Hip Muscles – Gluts and Piriformis

 Hip Muscles: The Gluts and Piriformis Muscles

(modified from teach me anatomy site 2018)

The gluteal region is at the back of your pelvis, at the top end of the femur. TThis allows the muscles to move the lower limb at the hip joint and to provide stabilisation when you stand on one leg.

The muscles consist of two groups:

  • Superficial sideways and backwards movers are  large muscles that abduct and extend the femur: gluteus maximus, gluteus medius, gluteus minimus and tensor fascia lata.
  • Deep turn out muscles are smaller muscles that mainly act to laterally rotate the femur. Includes the quadratus femoris, piriformis, ( small gemellus superior and inferior and obturator internus).

The Superficial Muscles  abduct and extend the lower limb at the hip joint.

Gluteus Maximus

Fig 1.0 - The superficial muscles of the gluteal region. The gluteus maximus and medius have been partly removed.

Fig 1 – The superficial muscles of the gluteal region. The gluteus maximus and medius have been partly removed.

The gluteus maximus is the largest of the gluteal muscles. It is also the most superficial, producing the shape of the buttocks. (green muscle cut and folder back in picture).

  • Attachments: it originates from the gluteal (back) surface of the ilium, sacrum and coccyx. It slopes across the buttock at a 45-degree angle, inserts into the iliotibial tract and the gluteal tuberosity of the femur.
  • Actions: It is the main extensor of the thigh, and assists with lateral rotation. However, it is only used when force is required, such as running or climbing.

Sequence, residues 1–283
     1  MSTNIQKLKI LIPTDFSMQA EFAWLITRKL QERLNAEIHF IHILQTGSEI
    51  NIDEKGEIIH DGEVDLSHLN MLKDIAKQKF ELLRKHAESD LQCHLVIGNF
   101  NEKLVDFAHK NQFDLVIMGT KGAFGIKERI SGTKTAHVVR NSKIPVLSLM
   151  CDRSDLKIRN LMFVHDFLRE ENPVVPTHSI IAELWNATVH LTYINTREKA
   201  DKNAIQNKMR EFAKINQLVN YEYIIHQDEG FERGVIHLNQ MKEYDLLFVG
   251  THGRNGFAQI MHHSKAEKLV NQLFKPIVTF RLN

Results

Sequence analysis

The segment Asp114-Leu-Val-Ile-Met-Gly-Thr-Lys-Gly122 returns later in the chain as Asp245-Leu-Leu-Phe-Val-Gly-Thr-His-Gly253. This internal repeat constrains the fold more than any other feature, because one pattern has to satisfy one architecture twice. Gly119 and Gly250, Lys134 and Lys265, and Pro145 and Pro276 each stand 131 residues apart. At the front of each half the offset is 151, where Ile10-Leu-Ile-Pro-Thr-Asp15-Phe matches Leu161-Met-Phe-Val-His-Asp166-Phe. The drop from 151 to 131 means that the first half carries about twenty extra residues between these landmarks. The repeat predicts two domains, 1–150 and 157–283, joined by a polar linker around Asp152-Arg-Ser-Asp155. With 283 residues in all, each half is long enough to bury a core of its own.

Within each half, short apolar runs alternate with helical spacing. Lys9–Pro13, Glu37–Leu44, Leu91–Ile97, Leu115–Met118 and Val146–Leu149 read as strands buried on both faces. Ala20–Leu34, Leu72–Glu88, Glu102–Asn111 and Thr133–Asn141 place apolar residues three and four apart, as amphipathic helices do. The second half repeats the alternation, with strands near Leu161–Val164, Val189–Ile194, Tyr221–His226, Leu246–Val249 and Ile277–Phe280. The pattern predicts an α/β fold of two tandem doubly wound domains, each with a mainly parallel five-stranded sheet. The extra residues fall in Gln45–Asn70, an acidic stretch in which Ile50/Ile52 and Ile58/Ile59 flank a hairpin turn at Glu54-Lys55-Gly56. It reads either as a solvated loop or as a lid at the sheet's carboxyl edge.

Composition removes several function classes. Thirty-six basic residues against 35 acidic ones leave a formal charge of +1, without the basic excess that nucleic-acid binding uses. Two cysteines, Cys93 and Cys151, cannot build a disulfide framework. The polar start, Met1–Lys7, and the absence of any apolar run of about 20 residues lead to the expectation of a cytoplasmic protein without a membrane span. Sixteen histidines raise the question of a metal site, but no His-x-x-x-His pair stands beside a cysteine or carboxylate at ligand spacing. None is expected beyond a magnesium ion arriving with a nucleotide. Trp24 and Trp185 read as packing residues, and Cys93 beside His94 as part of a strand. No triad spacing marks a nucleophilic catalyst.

• Innervation: Inferior gluteal nerve.

Gluteus Medius

The gluteus medius muscle is fan-shaped and lies between to the gluteus maximus and the minimus.

  • Attachments: Originates from the gluteal surface of the ilium and inserts into the lateral surface of the greater trochanter (on the top of the femur).
  • Actions: Abducts and medially (internally) rotates the lower limb. During walking, it secures the pelvis, preventing a drop of the pelvis of the opposite limb.
  • Innervation: Superior gluteal nerve.

Gluteus Minimus

The gluteus minimus is the deepest and smallest buttock muscle.

  • Attachments: Originates from the ilium and converges to form a tendon, inserting to the anterior side of the greater trochanter.
  • Actions: Abducts and medially rotates the lower limb. During walking it secures the pelvis, preventing a pelvic drop of the opposite limb.
  • Innervation: Superior gluteal nerve.

Tensor Fascia Lata (TFL)

Tensor fasciae lata is a small superficial muscle which lies towards the anterior edge of the iliac crest. It  tightens the fascia lata, and so abducts and medially rotates the lower limb.

  • Attachments: Originates from the anterior iliac crest, the front bones of your pelvis (ASIS). It inserts into the iliotibial tract on the femur, then to the lateral condyle of the tibia.
  • Actions: Assists the gluteus medius and minimus in abduction and medial rotation of the lower limb. It also plays a supportive role in the gait cycle.
  • Innervation: Superior gluteal nerve.

Clinical Relevance: Weakness of Gluteus Medius do to Postural Habits, Pain or Damage to the Superior Gluteal Nerve

Fig 1.1 - Positive Trendelenburg test, a sign of left superior gluteal nerve palsy.

Fig 2 – Positive Trendelenburg sign, characteristic of left superior gluteal nerve palsy.